When the top secret court orders to Verizon Company were revealed earlier in this month, massive outrage sparked across the country over breach of privacy by the U.S. government. The mainstream media was rife with news articles and reports about the National Security Agency snooping on American citizens and how it went against human rights.
But the focus somehow shifted when an ex-CIA agent came up and said that the court orders and some other sensitive U.S. intelligence information was leaked by him to all major news organizations. Following his appearance, almost all news reporters, journalists and analysts turned away from ‘NSA-snooping’ and never looked back.
What followed the whistleblower’s revelation were articles and in-depth analyses of his life, girlfriend, employers, high school proms and escape to Hong Kong. And after Snowden was charged with espionage, the entire focus was shifted towards countries like Ecuador, Russia and China that supported the whistleblower’s “noble cause.”
Words like ‘NSA scandal,’ ‘NSA espionage,’ ‘NSA snooping,’ almost vanished from news reports. Moreover, the U.S. administration officials took a step further and boldly criticized the countries that were spied on by the U.S. intelligence agencies, for supporting Snowden!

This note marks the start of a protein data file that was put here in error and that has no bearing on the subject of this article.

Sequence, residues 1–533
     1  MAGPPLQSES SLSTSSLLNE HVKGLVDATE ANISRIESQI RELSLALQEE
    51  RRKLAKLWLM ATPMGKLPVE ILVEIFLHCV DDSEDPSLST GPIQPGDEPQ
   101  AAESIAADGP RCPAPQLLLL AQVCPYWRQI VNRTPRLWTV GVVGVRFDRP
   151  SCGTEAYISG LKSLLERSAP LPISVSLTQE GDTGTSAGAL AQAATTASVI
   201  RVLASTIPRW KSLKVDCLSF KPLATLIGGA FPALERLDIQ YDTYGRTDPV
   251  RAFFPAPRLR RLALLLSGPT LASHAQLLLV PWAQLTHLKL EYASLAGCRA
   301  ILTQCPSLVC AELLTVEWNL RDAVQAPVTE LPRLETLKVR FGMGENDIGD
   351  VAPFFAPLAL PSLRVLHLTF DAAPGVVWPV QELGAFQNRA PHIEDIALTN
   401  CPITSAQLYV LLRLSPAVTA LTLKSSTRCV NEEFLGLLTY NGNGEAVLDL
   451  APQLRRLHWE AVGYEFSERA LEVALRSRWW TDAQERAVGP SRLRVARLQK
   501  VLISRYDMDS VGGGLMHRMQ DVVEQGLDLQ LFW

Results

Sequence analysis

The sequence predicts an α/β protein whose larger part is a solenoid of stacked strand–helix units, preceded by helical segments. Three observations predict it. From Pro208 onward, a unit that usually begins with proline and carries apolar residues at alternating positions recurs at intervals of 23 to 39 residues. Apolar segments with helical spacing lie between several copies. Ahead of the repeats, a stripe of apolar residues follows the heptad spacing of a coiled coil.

Is global espionage not important anymore? Why is the fact that the Obama administration practically snooped on almost the entire world being ignored? Is one interview enough to prove that the U.S. intelligence did not use the acquired e-mails?
If Edward Snowden can be charged with espionage to steal and leak classified information then why can’t the U.S. administration be answerable to all those who were snooped on?
These questions highlight the importance of an issue far more severe, critical and definitely important than Edward Snowden’s trial. And that issue is the global warrantless data acquisition by the NSA and other U.S. intelligence agencies.
But then again, no one seems to be interested in that anymore. Ecuadorean president Rafael Correa rightly pointed out on Wednesday that “media coverage of National Security Agency leaker Edward Snowden is distracting the world from the surveillance programs that Snowden revealed.”
The ‘fugitive or whistleblower’ analysis is not as important as the ‘espionage or surveillance’ debate and this is why the world needs to focus more on NSA-snooping than Edward Snowden.